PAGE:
15 April 2013
Election Law: the party of the poor always cheats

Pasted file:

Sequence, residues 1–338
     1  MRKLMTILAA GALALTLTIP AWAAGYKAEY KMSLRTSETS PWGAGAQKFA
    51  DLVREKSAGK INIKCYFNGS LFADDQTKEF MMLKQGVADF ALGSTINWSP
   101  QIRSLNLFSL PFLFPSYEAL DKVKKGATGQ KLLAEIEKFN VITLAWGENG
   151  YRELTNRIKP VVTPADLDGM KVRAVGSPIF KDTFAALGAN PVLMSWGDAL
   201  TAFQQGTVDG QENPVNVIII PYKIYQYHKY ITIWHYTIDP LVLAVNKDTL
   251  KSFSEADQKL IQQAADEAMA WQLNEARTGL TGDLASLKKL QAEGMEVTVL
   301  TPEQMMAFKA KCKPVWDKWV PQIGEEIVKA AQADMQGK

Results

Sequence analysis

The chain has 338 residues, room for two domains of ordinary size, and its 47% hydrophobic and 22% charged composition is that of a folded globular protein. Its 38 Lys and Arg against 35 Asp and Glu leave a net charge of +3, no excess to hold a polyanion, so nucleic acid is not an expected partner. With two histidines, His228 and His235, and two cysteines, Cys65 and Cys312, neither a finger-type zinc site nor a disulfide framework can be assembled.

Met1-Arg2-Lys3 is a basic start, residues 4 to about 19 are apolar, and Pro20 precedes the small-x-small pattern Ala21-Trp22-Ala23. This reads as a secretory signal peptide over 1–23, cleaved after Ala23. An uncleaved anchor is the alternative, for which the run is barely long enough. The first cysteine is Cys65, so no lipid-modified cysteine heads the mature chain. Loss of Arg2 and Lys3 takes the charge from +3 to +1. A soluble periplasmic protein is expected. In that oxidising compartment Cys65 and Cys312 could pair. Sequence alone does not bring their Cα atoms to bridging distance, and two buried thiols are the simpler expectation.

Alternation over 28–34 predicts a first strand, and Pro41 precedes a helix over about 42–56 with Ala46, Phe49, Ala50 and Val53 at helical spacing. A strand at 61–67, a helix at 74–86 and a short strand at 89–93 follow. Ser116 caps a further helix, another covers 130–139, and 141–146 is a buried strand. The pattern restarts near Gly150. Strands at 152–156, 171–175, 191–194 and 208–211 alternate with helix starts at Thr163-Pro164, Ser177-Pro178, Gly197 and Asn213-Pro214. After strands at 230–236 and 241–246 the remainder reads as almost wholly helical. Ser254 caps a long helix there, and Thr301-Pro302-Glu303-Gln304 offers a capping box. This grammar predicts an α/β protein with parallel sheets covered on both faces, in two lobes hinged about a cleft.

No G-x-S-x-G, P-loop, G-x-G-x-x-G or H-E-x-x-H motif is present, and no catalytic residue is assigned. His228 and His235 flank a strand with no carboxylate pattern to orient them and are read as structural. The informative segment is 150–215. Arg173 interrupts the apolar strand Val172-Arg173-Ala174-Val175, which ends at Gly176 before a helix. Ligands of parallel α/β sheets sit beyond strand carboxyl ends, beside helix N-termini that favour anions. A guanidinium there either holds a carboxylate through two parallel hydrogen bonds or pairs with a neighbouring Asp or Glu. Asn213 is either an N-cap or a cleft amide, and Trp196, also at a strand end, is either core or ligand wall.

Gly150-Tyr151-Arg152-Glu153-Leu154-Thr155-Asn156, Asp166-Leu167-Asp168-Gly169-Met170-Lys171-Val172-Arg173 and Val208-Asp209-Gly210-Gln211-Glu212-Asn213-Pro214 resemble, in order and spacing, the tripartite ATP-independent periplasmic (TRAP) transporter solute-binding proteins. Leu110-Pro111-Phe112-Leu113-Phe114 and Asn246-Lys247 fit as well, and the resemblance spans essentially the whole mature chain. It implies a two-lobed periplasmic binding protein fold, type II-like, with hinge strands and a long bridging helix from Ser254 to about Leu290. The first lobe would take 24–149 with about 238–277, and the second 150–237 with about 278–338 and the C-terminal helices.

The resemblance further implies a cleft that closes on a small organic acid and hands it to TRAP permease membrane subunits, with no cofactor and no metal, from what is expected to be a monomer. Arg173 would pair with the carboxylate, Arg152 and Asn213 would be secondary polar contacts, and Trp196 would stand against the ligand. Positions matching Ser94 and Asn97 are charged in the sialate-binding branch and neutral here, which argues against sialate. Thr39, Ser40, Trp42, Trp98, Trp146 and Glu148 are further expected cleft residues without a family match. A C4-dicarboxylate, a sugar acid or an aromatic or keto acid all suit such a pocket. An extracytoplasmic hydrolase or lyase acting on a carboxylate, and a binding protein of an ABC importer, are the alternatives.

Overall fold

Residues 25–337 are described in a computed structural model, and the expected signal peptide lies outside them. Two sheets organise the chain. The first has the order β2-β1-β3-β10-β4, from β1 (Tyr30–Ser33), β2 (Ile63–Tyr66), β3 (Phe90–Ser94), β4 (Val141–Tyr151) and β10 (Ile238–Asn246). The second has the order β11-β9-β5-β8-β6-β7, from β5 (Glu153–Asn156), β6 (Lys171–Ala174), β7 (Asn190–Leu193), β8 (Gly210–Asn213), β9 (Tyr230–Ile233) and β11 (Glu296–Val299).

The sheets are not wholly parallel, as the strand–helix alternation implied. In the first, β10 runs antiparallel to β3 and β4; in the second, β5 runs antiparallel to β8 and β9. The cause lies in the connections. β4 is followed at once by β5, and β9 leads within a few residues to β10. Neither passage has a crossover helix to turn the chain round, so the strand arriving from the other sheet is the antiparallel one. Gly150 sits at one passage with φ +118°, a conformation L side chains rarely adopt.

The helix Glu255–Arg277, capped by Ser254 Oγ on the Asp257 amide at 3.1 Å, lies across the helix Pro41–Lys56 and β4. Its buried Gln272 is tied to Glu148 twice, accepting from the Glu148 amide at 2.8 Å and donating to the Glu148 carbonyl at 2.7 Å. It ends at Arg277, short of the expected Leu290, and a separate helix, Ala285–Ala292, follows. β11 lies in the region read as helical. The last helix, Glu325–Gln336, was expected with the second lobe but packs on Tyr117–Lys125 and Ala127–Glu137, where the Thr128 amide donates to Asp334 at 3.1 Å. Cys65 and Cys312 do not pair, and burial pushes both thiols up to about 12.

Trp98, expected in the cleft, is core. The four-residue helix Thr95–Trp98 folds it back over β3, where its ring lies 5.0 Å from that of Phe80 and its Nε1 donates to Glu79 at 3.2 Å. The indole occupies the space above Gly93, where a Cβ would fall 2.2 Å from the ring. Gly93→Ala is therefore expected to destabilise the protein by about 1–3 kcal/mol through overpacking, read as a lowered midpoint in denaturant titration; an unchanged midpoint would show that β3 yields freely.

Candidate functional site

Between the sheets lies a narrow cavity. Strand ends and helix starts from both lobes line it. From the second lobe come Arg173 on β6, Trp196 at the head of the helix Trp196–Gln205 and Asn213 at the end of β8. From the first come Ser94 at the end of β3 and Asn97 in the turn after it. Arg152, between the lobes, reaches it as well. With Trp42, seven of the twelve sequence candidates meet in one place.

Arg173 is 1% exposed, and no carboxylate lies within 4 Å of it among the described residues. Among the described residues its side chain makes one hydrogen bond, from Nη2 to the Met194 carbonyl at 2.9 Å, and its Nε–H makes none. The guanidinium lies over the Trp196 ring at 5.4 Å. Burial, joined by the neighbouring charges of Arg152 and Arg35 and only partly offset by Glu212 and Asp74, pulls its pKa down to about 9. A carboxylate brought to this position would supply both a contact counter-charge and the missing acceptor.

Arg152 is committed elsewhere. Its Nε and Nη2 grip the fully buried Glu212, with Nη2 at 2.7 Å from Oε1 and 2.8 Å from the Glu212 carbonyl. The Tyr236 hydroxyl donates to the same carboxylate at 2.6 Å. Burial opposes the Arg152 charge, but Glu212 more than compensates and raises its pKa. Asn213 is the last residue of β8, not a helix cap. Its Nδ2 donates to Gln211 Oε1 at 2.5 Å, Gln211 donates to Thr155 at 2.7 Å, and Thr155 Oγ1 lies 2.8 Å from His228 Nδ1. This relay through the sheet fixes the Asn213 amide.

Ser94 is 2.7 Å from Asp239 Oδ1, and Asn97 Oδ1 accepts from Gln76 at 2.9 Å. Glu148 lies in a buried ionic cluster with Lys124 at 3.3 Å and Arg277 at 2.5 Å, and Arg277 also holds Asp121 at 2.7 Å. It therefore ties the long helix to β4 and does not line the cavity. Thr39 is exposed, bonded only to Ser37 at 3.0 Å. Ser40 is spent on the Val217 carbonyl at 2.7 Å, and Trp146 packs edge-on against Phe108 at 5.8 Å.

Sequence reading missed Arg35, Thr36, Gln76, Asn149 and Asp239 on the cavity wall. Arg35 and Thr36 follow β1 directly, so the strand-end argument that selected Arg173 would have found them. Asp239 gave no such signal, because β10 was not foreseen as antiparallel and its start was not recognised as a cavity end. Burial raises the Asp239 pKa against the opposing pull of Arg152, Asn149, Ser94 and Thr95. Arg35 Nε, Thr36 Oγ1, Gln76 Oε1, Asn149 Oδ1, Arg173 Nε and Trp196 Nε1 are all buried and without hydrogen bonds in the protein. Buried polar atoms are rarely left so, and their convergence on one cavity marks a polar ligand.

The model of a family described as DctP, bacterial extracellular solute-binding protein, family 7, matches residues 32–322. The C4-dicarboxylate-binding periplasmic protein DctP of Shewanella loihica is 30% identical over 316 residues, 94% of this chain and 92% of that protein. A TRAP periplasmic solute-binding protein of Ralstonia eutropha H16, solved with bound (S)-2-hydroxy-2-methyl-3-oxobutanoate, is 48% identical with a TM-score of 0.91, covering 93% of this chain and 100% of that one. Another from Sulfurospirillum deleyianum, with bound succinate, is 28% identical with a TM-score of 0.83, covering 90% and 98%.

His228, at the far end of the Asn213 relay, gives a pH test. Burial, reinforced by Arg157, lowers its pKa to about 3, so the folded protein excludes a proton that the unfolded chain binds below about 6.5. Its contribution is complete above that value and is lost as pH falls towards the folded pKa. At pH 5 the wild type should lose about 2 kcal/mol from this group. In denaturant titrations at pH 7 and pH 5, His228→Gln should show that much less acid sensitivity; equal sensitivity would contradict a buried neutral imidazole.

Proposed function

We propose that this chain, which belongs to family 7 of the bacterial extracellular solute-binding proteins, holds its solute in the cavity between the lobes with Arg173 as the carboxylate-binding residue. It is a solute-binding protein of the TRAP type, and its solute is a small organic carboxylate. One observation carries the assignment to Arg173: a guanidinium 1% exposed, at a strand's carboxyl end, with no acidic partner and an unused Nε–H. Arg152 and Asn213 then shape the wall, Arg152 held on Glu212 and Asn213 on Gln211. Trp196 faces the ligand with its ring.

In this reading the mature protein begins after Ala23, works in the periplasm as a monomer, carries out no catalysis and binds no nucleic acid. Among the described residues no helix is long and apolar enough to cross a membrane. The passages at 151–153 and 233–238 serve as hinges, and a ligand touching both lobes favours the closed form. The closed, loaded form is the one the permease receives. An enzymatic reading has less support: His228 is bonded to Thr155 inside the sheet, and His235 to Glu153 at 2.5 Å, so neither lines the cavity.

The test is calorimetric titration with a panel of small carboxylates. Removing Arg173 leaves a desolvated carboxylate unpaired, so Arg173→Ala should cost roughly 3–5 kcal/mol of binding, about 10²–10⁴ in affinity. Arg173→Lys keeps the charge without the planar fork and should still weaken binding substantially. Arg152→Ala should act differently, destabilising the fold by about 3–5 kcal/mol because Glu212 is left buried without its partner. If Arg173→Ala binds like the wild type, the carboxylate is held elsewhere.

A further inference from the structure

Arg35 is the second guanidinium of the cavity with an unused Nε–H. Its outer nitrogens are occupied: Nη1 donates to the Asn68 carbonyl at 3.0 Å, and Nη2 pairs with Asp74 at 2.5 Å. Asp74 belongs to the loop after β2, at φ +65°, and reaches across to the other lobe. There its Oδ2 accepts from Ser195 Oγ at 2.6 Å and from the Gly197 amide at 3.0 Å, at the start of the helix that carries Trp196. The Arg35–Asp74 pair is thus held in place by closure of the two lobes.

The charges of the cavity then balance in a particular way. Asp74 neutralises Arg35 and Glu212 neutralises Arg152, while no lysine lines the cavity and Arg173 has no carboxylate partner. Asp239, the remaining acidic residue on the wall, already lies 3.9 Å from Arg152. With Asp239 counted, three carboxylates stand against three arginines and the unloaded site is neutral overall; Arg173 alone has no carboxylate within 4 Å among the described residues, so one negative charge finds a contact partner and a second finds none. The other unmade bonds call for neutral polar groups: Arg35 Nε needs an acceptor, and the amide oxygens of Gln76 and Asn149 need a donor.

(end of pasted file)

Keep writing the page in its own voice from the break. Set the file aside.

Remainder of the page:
As long as there have been elections, and long before there was a "left," solid citizens have been haunted by the specter of the demagogue. This snake in the grass grabs for power by making promises to the poor, wherever they can vote. The promises fall into two categories: those he can't fulfill at all, and those that can only be fulfilled by shaking down the wealthy. In worse cases, the demagogue gets into power not with mere promises but by blatantly bribing the rabble. His goal throughout history is to reduce people who might otherwise be virtuous, productive citizens to a state of dependence that can only be sustained, to the rabble's comfort, by keeping the demagogue in power -- until he can do without elections entirely. In history, it's probably the exception rather than the rule when the party of the poor is conceded victory without accusations of fraud, bribery or other offenses against the purity of the franchise. The news today from Venezuela, then, is really an old, old story. Chavismo has a new lease on life, though barely, after Hugo Chavez's handpicked successor eked out a narrow victory in a special election to take the late president's place. The margin seems narrow enough to justify calls for a recount -- that's standard operating procedure in modern republics. But the opposition in Venezuela can't be content with demanding a recount. They, and their sympathizers abroad, have to make the usual accusations of fraud, intimidation, sabotage, etc. The Wall Street Journal goes so far as to accuse Cuban agents of rigging the election for President-elect Maduro in order to maintain their supply of cheap oil from Venezuela. I don't bring this up just to dismiss or mock the claim. I've read too much history to believe that no one cheats in partisan elections. The Chavez party is no more entitled to a presumption of absolute (as opposed to statutory) innocence than the Democratic party in the U.S. We have no more reason to presume that parties of the poor are pure than the opposition has reason to presume them corrupt. The higher the stakes involved in an election, the more likely any party is to see what it can get away with. The most important point to remember in that observation is "any party." The opponents of the parties of the poor are always quick to accuse them of cheating, but why should we assume that bourgeois or plutocratic parties are more pure and law-abiding? The same calculations of stakes, risks and benefits apply to those who would keep the parties of the poor out of power -- though for most of history, admittedly, the easier way to keep the poor out of power was not to have elections at all. That's not an option in most places anymore, but the same imperative endures wherever there are parties of the poor and people who dread those parties having power. No one may be without sin in politics, but fear of the poor may be the original sin.